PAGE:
So… easy, right? Not so fast. Studies show organizations demonstrate a bias towards high leadership dynamic over high skill in selection, even when similar selection has led to failure.
In the end, executives must remember to hire for purpose. If we strive to build highly successful teams that achieve difficult goals, then the leadership for these teams must be exceptionally skilled.
Simply stated: competency matters.
As I've discussed many times before, I'm confident that innovation is the key to sustained success in business. It cannot be simple coincidence that the top companies in the world are also the most innovative companies in the world. As a leader, you must create a culture of restless renewal that drives innovation and change in your organization.
Why do I say innovation and change? Because innovation – the creative process of re-evaluating ideas – is not enough to deliver success. If leaders don't take the next step and test opportunities to evolve, then innovation is meaningless.
The pages of corporate failures are littered with stories of innovation that didn't deliver change.
For example, did you know that now defunct KODAK invented the digital camera… in 1975? In fact, nearly every digital camera and smartphone in existence today relies on some form of KODAK's patent for digital cameras. But rather than pursue a ground-breaking innovation, KODAK management passed on a segment-shattering change and stuck to film. While the company was innovative, the leadership lacked the vision to embrace change.
In my Twitter feed, I've collected a few more stories of continuous innovation this week, under the hashtag #restlessrenewal:
How Nick Saban's process would change your business
A nice look behind the scenes at how Alabama Crimson Tide coach Nick Saban's drive to lead innovation for his team helped build a the most elite organization in college football today (But still… #GoNoles!)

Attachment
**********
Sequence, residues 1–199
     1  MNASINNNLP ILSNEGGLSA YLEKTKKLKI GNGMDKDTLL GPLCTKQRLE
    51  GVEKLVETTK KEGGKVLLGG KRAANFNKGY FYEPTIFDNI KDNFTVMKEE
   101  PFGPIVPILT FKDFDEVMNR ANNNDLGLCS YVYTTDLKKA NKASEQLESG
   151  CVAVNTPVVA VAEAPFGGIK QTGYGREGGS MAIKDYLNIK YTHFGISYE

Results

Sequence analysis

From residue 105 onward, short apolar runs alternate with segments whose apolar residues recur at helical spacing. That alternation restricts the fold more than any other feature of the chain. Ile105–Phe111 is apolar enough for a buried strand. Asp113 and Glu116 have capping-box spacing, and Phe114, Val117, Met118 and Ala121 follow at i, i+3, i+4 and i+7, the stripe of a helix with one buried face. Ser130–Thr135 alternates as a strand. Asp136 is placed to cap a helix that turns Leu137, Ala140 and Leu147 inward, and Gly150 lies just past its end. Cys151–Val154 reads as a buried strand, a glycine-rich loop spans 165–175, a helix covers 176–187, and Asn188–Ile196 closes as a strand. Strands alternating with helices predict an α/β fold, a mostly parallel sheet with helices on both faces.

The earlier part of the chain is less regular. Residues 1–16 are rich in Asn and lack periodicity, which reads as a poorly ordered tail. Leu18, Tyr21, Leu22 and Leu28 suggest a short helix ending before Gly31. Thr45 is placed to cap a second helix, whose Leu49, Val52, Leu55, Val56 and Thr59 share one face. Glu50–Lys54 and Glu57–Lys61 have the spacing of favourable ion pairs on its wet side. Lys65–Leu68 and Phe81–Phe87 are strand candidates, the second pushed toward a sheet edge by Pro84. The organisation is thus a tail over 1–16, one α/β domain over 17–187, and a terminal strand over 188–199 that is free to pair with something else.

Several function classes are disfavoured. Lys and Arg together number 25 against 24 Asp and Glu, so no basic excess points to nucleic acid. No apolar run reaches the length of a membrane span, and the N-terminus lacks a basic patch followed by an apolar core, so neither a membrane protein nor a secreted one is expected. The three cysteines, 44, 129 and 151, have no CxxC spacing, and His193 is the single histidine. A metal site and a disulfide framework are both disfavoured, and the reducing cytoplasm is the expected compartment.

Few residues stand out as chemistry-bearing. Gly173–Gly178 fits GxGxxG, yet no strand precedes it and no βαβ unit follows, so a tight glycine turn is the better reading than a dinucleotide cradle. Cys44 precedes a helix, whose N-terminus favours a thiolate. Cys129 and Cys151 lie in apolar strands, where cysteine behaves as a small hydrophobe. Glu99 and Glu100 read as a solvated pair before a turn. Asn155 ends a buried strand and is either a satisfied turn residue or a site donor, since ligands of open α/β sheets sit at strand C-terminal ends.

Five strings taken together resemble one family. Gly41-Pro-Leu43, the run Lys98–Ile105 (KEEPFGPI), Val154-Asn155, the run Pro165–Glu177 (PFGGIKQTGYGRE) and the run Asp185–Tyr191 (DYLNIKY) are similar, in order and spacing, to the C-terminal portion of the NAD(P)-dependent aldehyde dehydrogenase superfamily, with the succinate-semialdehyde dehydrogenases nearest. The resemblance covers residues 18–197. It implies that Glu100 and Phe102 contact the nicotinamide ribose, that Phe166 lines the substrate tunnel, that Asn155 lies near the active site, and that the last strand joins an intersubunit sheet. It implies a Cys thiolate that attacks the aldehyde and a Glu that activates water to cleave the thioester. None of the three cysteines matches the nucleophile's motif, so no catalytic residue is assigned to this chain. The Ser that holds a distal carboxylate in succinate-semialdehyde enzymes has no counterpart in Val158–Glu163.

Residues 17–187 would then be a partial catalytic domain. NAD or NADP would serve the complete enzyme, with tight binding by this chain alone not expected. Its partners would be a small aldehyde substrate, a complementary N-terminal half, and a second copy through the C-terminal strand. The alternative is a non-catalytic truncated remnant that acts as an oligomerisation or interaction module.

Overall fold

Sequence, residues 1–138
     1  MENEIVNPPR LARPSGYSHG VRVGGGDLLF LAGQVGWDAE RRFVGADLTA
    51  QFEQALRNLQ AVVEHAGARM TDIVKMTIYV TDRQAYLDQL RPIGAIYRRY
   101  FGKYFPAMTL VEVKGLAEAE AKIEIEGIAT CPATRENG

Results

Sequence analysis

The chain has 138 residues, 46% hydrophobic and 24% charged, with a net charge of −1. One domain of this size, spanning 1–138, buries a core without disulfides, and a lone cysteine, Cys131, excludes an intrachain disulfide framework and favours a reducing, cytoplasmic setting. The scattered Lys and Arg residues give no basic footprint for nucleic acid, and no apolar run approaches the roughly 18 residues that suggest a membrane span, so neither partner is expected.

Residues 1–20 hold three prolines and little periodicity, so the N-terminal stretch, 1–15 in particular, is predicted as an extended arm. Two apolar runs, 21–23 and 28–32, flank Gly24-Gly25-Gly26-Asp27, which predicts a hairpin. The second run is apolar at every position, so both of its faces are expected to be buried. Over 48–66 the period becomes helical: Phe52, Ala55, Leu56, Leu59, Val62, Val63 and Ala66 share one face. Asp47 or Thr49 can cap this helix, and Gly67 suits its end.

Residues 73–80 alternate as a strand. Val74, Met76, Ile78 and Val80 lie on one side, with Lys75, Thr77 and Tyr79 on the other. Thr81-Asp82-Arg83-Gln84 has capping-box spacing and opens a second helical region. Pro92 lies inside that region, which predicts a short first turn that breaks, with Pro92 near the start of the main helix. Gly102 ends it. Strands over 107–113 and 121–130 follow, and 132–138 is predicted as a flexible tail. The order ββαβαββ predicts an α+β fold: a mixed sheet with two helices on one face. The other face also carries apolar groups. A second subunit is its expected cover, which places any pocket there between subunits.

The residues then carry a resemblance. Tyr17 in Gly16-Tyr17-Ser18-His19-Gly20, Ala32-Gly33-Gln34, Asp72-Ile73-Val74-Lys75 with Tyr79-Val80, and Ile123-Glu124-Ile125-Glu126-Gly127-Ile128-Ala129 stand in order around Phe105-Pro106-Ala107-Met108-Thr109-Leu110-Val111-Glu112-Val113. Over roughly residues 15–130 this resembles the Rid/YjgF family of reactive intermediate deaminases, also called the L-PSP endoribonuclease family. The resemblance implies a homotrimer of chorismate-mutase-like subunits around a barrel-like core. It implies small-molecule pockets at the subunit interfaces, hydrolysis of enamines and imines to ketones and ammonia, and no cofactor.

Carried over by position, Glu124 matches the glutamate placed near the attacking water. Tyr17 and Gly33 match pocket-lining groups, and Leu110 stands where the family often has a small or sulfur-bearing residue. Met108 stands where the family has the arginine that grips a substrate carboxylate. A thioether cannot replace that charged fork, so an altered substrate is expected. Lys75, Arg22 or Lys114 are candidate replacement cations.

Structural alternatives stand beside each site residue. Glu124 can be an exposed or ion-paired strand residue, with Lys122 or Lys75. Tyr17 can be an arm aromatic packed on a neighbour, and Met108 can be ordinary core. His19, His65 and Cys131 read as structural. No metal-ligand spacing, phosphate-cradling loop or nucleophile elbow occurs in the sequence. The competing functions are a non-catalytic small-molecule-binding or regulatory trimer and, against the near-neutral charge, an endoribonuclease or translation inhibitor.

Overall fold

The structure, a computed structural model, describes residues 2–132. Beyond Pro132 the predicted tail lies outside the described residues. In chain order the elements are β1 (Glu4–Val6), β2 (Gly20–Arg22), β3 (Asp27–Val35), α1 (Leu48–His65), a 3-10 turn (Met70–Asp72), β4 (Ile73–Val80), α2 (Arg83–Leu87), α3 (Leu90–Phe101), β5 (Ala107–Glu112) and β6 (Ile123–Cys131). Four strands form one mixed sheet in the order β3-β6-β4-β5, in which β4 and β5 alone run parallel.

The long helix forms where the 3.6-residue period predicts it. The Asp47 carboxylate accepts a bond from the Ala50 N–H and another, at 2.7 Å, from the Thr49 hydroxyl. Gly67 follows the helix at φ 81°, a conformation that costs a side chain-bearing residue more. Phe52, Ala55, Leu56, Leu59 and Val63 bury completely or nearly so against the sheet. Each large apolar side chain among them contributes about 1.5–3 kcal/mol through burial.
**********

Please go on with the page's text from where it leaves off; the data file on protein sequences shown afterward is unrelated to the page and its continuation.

Chick-fil-A is making an unprecedented move to hook millennial moms
Chick-fil-A's commitment to innovation extends to every guest touchpoint, even the drive-thru
This Is How The Patriots Dynasty Was Built
A great example of how innovation – and restless renewal – drove the Patriots to become a modern NFL dynasty
Here's what I'm reading this week to stay aware of emerging trends and opportunities:
Travel Weekly Consumer Trends 2014: Explosion in Mobile Bookings
With the launch of the new iPhone 6 by Apple this week, larger phones and "phablets" will continue to gain mobile share. The larger interface is a great canvas for hospitality sites and apps, which rely on rich media and large photos. Phablets have just 6% of the market share but 11% of the app usage, meaning owners of these devices are heavily device dependent and actively engaged.
Measuring Acquisition Cost alongside RevPAR
As focus shifts from gross revenue to net profit, acquisition cost per room night has come under more scrutiny. Is it acceptable to measure total RevPAR, or should hoteliers focus more closely on net RevPAR and ProPAR (Profit per available room)? This is a very intriguing topic and one conversation that most revenue managers are not fully prepared to have with their ownership.